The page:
Recently, a few individuals and families have been allowed to visit relatives in the West. We can only hope that it won't be long before all are allowed to do so, and Ukrainian-Americans, Baltic-Americans, Armenian-Americans, can freely visit their homelands, just as this Irish-American visits his.
Freedom, it has been said, makes people selfish and materialistic, but Americans are one of the most religious peoples on Earth. Because they know that liberty, just as life itself, is not earned, but a gift from God, they seek to share that gift with the world. "Reason and experience," said George Washington in his farewell address, "both forbid us to expect that national morality can prevail in exclusion of religious principle. And it is substantially true, that virtue or morality is a necessary spring of popular government."
Democracy is less a system of government than it is a system to keep government limited, unintrusive: A system of constraints on power to keep politics and government secondary to the important things in life, the true sources of value found only in family and faith.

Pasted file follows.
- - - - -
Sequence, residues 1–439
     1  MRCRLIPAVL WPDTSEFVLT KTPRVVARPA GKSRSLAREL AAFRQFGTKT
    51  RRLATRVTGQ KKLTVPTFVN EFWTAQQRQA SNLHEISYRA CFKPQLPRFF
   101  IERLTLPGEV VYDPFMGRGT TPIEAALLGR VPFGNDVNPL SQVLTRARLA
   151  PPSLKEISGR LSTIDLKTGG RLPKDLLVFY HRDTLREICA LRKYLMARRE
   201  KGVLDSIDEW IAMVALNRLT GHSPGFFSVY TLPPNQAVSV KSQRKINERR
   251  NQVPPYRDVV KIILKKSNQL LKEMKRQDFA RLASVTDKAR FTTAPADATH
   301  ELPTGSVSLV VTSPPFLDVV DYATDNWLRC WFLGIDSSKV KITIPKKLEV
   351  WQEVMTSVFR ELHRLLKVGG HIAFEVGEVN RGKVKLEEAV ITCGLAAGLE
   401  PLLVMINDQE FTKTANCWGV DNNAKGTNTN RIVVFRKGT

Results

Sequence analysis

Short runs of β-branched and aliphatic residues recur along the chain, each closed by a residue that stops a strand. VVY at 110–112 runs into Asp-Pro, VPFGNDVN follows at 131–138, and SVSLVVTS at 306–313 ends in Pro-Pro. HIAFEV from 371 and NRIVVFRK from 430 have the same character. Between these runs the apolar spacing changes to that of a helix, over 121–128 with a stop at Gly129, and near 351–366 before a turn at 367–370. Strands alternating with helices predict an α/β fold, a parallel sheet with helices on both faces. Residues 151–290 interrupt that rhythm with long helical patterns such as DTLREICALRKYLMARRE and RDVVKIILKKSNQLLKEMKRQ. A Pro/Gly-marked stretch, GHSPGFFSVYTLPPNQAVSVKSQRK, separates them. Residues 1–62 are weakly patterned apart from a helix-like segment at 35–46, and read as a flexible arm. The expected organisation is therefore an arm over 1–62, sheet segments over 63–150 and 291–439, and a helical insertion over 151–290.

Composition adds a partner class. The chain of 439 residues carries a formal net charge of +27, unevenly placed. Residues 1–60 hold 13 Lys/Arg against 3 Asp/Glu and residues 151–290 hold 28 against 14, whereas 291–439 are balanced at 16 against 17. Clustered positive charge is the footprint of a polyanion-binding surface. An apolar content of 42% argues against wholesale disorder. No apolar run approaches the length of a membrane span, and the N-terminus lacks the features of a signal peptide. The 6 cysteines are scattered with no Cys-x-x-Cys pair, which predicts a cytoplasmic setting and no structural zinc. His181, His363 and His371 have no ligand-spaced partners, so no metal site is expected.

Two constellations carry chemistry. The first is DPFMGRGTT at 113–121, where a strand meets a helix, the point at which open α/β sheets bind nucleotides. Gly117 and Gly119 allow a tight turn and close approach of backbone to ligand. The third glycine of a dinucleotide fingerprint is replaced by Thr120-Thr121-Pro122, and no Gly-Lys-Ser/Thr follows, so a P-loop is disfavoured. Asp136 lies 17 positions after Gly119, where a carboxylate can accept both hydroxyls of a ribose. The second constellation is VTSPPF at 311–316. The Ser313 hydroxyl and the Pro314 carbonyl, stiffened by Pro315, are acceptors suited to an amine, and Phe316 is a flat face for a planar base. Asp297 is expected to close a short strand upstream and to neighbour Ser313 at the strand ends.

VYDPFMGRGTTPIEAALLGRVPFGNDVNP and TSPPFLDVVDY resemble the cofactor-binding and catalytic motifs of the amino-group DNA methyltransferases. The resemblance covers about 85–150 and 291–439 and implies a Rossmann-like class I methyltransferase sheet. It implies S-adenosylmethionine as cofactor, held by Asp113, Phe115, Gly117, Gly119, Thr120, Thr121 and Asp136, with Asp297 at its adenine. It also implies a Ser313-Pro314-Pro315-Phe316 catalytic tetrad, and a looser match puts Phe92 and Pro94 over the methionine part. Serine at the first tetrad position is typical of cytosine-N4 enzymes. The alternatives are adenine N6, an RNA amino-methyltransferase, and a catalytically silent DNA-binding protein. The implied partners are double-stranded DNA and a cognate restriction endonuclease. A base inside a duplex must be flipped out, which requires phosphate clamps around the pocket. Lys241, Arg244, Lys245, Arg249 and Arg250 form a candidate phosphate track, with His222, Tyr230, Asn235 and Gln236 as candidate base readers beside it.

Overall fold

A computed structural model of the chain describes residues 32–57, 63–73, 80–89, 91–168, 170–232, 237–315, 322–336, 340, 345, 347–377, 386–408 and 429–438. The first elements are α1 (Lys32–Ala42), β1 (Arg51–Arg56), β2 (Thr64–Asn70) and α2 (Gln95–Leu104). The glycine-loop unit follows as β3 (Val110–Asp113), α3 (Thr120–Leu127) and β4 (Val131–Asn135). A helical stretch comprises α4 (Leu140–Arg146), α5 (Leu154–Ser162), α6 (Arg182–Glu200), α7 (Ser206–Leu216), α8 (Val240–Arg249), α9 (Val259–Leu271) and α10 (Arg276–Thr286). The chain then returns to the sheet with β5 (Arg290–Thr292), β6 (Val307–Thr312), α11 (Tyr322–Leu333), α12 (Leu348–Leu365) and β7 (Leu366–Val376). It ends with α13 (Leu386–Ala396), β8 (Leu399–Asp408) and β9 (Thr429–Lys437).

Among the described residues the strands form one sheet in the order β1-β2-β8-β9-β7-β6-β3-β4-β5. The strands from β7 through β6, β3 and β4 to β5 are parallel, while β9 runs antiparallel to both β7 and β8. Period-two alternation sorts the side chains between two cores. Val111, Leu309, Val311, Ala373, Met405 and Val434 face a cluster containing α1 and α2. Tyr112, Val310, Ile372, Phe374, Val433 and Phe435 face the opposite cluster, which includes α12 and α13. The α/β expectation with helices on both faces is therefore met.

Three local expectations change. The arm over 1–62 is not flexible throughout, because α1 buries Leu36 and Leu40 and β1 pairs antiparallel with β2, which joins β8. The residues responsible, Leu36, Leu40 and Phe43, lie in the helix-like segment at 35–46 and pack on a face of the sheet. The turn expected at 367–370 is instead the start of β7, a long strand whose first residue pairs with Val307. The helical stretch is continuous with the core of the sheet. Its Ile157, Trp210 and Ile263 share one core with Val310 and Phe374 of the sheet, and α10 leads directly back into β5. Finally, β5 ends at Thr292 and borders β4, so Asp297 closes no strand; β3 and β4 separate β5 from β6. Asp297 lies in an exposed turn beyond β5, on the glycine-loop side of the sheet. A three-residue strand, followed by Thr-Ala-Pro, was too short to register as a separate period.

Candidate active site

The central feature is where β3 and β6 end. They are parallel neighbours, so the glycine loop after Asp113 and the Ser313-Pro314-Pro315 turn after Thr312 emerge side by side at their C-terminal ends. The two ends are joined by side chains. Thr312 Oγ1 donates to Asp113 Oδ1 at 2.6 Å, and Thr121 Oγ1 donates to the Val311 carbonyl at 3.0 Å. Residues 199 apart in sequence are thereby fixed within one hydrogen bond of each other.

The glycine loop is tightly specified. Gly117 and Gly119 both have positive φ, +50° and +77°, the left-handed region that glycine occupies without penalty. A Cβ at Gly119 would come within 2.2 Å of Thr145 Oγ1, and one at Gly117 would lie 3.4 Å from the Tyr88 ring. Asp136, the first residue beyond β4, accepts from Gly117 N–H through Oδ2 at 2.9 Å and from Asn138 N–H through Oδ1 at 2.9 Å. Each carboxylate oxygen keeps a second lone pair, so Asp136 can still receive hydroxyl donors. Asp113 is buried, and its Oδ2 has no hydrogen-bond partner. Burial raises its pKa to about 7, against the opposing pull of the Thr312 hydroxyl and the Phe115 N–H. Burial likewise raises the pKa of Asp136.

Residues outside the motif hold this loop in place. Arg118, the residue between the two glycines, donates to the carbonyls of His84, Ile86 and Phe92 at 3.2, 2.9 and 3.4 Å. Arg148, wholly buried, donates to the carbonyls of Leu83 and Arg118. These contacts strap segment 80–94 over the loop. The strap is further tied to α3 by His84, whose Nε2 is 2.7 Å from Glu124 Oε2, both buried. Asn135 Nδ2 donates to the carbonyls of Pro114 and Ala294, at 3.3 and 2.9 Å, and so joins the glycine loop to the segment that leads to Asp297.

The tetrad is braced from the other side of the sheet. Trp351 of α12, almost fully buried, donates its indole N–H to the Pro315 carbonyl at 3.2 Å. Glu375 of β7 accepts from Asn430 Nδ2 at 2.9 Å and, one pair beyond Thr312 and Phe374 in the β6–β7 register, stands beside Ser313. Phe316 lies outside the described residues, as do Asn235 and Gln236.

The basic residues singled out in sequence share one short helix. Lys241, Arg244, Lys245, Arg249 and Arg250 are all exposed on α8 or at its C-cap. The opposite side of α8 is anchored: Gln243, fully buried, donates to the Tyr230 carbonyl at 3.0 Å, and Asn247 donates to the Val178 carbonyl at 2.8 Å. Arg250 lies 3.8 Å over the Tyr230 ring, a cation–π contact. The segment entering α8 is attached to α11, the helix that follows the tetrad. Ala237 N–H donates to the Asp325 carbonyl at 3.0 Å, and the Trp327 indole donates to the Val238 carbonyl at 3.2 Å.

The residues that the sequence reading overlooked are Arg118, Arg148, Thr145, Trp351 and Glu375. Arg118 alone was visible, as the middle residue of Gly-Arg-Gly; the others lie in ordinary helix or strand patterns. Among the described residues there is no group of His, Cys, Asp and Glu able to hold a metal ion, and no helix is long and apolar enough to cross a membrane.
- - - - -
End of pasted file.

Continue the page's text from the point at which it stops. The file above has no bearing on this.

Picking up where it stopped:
I have often said, nations do not distrust each other because they are armed; they are armed because they distrust each other. If this globe is to live in peace and prosper, if it is to embrace all the possibilities of the technological revolution, then nations must renounce, once and for all, the right to an expansionist foreign policy. Peace between nations must be an enduring goal -- not a tactical stage in a continuing conflict.
I've been told that there's a popular song in your country -- perhaps you know it -- whose evocative refrain asks the question, "Do the Russians want a war?" In answer it says, "Go ask that silence lingering in the air, above the birch and poplar there; beneath those trees the soldiers lie. Go ask my mother, ask my wife; then you will have to ask no more, 'Do the Russians want a war?'"